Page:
First off, the Kindle Paperwhite offers a beautiful high-resolution display, with a 300 pixel-per-inch pixel density — the same one that is on the Oasis, in fact. It is inset, however, so there are rubbery bezels around it. Those can be good for gripping while reading, but they make the Paperwhite a tad bulkier. Even so, this 6-inch ebook reader is light and easy to hold with one hand while reading. There aren’t any page turn buttons, sadly, but if you prefer using the touchscreen instead, you won’t be bothered.

The Kindle Paperwhite ships with 4GB of onboard storage — about enough for 3,000 ebooks. You have access to Kindle Unlimited, the ability to download library books, and the option to share your favorite passages on social media.

As far as battery life goes, the Paperwhite will last for up to six weeks on a single charge. The Paperwhite isn’t waterproof, though, and remains limited to select ebook formats, so no EPUB files unless you want to get into the file conversion process. Regardless, it’s the best midrange option for anyone who wants a Kindle.

Our full review

The best ebook reader for less than $150

Kobo Clara HD

Kobo Clara HD review
Julian Chokkattu/Digital Trends

Why you should buy this:You’re looking for an inexpensive ebook reader with a front-lit HD display and plenty of storage.

Who’s it for: The reader who enjoys purchasing media in multiple formats.

How much will it cost: $130

Why we chose the Kobo Clara HD

While Kindle may be the best-known brand of ebook readers, it’s not the only company who makes them. In fact, Kobo ebook readers have been around for nearly a decade and have become a cult favorite among heavy readers.

The Kobo Clara HD is basically what we would expect from the next Kindle Paperwhite refresh. It features a gorgeous 300 PPI screen, 8GB of storage, and the battery is large enough that you should get you around a month of reading on a single charge. It also offers an innovative illumination feature called ComfortLight Pro that uses red and orange LEDs to illuminate the screen without the need for blue light, which can cause trouble sleeping.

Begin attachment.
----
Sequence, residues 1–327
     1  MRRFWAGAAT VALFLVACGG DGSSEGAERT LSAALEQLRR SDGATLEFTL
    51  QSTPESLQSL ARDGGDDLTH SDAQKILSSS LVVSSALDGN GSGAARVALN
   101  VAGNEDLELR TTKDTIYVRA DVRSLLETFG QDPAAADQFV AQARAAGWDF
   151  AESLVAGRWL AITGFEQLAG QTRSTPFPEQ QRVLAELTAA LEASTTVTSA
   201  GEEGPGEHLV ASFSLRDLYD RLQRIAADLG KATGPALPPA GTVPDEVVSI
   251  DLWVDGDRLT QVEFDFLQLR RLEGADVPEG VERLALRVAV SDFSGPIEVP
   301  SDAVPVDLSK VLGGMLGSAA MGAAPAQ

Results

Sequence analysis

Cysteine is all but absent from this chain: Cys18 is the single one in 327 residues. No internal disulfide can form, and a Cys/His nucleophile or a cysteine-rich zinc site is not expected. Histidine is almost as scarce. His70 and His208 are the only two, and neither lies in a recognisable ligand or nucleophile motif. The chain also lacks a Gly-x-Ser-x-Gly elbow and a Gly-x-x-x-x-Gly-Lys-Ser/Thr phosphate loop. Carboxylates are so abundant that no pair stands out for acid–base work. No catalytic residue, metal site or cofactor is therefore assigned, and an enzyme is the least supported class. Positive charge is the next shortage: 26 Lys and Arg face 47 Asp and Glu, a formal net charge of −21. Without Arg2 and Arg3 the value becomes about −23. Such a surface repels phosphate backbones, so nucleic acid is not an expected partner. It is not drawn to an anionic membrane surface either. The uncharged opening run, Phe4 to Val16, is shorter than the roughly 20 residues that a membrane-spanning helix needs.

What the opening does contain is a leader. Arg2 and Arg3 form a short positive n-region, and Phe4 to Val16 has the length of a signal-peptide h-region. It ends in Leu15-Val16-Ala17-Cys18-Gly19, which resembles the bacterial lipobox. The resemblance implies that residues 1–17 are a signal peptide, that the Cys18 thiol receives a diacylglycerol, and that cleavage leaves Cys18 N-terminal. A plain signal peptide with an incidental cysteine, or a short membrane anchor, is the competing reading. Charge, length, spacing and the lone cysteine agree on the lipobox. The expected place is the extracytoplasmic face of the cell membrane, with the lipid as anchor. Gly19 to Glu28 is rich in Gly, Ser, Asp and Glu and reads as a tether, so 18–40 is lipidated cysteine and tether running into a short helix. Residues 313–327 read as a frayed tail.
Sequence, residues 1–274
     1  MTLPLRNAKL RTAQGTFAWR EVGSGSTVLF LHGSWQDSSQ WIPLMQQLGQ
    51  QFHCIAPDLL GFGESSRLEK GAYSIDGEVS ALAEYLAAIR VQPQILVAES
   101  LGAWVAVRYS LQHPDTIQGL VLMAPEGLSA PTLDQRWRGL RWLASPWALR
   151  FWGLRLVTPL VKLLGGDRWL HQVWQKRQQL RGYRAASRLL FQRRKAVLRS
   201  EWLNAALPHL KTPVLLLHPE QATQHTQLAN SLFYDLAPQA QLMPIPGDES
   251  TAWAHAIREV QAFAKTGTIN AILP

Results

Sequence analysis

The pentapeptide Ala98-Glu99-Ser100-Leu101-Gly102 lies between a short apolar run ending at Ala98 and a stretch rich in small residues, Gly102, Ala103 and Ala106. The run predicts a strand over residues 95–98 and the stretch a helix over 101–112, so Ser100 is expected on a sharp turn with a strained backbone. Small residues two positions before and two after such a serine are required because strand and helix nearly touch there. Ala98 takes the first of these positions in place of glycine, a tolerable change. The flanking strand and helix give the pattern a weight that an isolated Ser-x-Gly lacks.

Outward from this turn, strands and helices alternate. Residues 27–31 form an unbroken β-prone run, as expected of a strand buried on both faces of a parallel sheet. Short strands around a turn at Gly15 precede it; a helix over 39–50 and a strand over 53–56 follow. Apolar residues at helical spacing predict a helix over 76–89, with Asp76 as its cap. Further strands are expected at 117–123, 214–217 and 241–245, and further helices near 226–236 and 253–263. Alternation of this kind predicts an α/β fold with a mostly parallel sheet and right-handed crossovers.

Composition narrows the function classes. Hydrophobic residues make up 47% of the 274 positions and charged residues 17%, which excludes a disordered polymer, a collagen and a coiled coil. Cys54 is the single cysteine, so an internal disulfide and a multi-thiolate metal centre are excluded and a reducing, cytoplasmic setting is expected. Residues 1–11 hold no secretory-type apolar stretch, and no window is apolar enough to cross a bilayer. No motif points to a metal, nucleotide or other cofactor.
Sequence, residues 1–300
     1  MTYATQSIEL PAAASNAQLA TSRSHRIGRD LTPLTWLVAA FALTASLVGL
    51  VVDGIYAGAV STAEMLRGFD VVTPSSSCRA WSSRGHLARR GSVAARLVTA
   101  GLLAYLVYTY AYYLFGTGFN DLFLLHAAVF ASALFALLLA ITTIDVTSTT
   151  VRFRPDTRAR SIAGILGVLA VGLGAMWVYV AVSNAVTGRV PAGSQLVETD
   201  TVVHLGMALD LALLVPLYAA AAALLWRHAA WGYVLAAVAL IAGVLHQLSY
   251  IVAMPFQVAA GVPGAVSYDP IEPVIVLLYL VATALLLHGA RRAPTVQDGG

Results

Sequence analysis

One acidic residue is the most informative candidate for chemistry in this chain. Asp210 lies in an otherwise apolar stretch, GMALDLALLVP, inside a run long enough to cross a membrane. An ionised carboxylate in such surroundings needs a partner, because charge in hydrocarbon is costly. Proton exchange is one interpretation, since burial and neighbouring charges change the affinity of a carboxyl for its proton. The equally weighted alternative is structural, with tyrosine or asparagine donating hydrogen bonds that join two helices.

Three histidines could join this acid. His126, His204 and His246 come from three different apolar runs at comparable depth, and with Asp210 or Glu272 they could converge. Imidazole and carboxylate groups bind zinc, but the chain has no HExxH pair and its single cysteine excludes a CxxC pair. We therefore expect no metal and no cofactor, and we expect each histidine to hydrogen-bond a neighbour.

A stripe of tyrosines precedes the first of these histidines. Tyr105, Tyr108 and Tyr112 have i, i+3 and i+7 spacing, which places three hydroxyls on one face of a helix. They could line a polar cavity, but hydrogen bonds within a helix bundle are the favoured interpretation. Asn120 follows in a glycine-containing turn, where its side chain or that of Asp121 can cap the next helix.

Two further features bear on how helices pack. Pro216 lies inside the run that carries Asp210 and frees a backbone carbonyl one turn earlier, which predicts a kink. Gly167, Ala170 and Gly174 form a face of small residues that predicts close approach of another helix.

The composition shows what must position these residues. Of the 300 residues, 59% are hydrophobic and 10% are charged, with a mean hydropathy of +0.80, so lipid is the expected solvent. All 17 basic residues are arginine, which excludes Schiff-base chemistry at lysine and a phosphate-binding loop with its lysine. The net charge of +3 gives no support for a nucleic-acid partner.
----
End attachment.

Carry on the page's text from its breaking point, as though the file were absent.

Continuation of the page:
So why would go for a non-Kindle ebook reader? The primary reason is because Kobo is compatible with many more formats than Kindle, giving you the freedom to purchase your ebooks directly from the publisher, as well as dozens of other third-party retailers.

Our Full Review

The best cheap Kindle

Amazon Kindle

Amazon Kindle Paperwhite 2016

Why you should buy this:You want a cheap ebook reader with no frills, or maybe you just like the white color option.

Who’s it for: Kindle users on a budget who want the best deal.

How much will it cost: $80-plus

Why we chose the Kindle

Amazon offers a wide range of Kindles to accommodate different budgets, so you don’t have to pay $200-plus to own one.The basic Kindle ships with a 6-inch E Ink display with a 167 PPI. As such, it’s good for daytime reading, but at night, you still need your reading light to see the words on the page. It comes packed with 4GB of storage, which should hold around 3,o00 ebooks.

Amazon updated the basic Kindle in 2016 with an improved design that comes in both black and white color options. It weighs just 5.7 ounces — which means it’s 16 percent lighter, but also 11 percent thinner than the previous model. It doesn’t have page-turning buttons, but the screen is touch sensitive. There is not much else that has changed in design, but internally you will find double the RAM at 512MB. It features Bluetooth audio, which can boost accessibility with VoiceView — a tool that reads out everything on your screen.

You will pay $80 for this Kindle if you don’t mind ads, but there is always the $100 ad-free model for those of you who can’t stand them.

How we test

Testing ebook readersis one of the best parts of the job. It’s every bookworm’s dream to get paid to read! Testing is about more than just reading, though. To put an ebook reader through its paces, we test the screen’s brightness in different lighting conditions, we test its toughness in a variety of environments, and if it is waterproof, we dunk it in the tub to see how it handles a spill into a bubble bath.

We go through the process of buying ebooks from the provided stores, borrowing ebooks from public libraries, and transferring existing ebook files onto the ebook reader itself. We’ve also gone through the pain of converting ebook files to different formats to fully understand just how annoying exclusionary ebook file types are for readers.

But most of all, we read, just like you would at home, so we can tell you what it’s like for a book lover to go digital.

Which ebook reader support which ebook formats?

One of the most annoying things about ebooks is that there are many file types, and certain ebook readers don’t support certain formats. Here’s a breakdown of which ebook readers support which formats.


  • Kindle Format 8 (AZW3)
  • Kindle (AZW)
  • TXT
  • PDF
  • unprotected MOBI
  • PRC

HTML, DOC, DOCX, JPEG, GIF, PNG, and BMP files are only supported through conversion. EPUB files are not supported, and conversion requires breaking Digital Rights Management, which is a real hassle. Apple iBooks are not supported either.


  • EPUB
  • EPUB3
  • PDF
  • MOBI
  • JPEG
  • GIF
  • PNG
  • BMP
  • TIFF
  • TXT
  • HTML
  • RTF
  • CBZ
  • CBR

Kindle files and Apple iBooks are not supported, however, Kobo supports the most file formats natively of any ebook reader.